• Ensuring offenders' awareness of the effects of
    crime on the victims of crime and the public
  • Rehabilitation of offenders

14
Offenders on probation
  • Offenders are likely to be put on probation when
  • - a judge or magistrate gives them a
    community sentence
  • - the offender is automatically released
    from prison after serving half or two-thirds of
    their sentence
  • - the Parole Board decides that the offender
    can be released early from a jail sentence
  • - offenders on probation have to comply with
    the rules and requirements of their community
    sentence or their release licence from prison
  • Additional requirements of probation can include
  • -
    completing alcohol and drug treatment
  • - staying
    in a probation hostel
  • - staying
    away from the area where the crime was
    committed
  • - a
    curfew, backed up be electronic tagging
  • Some offenders are made to stay in probation
    hostels, known as Approved Premises ( much higher
    degree of supervision)

15
The work of probation staff
  • protect the public
  • reduce the risk of an offender committing a
    further offence
  • (under their supervision and afterwards )
  • their work begins even before the offender is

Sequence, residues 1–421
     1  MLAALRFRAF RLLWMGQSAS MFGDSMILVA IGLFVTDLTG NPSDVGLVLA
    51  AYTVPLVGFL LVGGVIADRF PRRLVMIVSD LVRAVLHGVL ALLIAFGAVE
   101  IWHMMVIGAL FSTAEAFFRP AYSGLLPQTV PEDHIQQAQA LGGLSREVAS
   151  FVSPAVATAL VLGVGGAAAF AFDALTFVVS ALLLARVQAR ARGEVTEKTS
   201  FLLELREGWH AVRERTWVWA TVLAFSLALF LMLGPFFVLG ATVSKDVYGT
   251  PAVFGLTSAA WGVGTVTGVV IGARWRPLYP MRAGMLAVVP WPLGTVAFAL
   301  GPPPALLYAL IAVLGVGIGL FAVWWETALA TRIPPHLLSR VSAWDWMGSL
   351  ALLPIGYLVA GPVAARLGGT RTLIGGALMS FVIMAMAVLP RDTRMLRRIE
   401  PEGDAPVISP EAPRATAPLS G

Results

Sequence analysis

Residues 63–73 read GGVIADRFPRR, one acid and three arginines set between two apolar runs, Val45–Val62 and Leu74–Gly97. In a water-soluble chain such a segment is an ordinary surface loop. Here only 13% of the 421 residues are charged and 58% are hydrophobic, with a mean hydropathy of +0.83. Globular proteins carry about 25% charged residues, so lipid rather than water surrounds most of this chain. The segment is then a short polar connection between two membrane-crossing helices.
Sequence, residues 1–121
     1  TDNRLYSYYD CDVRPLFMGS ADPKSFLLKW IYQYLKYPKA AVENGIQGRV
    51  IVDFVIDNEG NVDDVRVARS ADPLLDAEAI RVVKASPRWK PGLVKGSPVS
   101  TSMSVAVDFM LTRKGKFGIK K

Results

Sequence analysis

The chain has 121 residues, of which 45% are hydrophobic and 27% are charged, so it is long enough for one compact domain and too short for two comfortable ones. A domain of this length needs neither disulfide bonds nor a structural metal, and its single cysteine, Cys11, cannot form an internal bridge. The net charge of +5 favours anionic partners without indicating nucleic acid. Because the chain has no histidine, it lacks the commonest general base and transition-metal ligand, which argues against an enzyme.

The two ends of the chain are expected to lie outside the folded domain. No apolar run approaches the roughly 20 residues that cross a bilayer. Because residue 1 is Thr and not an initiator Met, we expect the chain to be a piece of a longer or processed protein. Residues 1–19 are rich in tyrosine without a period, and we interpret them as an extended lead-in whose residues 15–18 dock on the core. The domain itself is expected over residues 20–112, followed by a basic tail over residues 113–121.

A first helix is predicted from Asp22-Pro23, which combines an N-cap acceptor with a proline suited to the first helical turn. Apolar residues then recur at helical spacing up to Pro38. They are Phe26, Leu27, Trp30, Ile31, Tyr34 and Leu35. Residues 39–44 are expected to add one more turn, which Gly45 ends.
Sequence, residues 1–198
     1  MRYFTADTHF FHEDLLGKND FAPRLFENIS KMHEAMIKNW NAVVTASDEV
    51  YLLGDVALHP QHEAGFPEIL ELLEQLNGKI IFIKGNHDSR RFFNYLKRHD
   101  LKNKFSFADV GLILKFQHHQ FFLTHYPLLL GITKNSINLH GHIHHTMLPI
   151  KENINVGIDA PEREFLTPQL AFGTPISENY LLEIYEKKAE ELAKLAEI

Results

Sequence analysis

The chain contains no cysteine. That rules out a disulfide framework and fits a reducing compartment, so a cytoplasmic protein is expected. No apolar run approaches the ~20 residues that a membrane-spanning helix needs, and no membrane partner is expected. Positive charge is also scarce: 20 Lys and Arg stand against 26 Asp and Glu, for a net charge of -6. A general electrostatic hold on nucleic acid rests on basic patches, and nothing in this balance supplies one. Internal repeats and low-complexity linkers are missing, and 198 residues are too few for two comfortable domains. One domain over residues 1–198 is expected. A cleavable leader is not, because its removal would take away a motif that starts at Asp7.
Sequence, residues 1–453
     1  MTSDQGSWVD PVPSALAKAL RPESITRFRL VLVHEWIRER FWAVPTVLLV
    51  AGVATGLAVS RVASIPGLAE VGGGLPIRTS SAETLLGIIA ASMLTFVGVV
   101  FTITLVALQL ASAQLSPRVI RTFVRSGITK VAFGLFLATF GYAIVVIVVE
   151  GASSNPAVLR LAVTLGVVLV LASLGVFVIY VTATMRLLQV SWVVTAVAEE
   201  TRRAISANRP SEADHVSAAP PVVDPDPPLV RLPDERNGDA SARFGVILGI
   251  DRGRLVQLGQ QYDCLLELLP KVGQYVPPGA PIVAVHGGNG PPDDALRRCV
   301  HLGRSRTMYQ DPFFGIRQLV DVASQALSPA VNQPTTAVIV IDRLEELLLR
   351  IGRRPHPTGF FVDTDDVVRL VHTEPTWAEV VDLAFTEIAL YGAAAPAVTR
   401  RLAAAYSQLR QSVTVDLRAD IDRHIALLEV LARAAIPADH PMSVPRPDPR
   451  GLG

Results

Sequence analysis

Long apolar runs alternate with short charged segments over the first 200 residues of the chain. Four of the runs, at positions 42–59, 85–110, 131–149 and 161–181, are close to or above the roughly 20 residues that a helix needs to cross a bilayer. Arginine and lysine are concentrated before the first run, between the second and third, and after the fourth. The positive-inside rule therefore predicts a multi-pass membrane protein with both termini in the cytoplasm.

sentenced or released from prison
  • keep contact with the offender and their family
  • monitor the offender's movements while they are
    on probation
  • supporting victims of crime

16
  • Each year the probation service commences the
    supervision of some 175,000 offenders.
  • Caseload - excess of 200,000 (90 are male and
    10 are female)
  • a quarter of offenders serving community
    sentences are aged 16-20 and just less than
    three-quarters are aged 21 and over.
  • Approximately 70 of offenders supervised will be
    on community sentences, and 30 imprisoned with a
    period of statutory licence supervision in the
    community as an integral part of the sentence
  • NPS assist magistrates and judges in their
    sentencing decisions

17
New Reforms
  • NOMS in 2004 changed the pattern of correctional
    services delivery
  • The Offender Management Bill, introduced in
    Parliament late in 2006, was intended to enable
    some probation areas to become trusts as part of
    wider Government policy
  • The Bill is completed July 2007, and the first
    six probation trusts came into being on 1 April
    2008 (Merseyside, South Wales, Humberside,
    Dyfed/Powys, West Mercia and Leicestershire
    Rutland).
  • New Probation Trusts enjoy greater freedoms -
    they demonstrated that they were robust
    organisations capable of delivering to high
    standards of performance and efficiency.
  • Trusts and continuing Boards alike will have a
    larger role in the local commissioning of
    services from the private, voluntary and
    community sectors,
  • They all still have to deliver on their own
    contractual obligations to their Regional
    Offender Manager.

18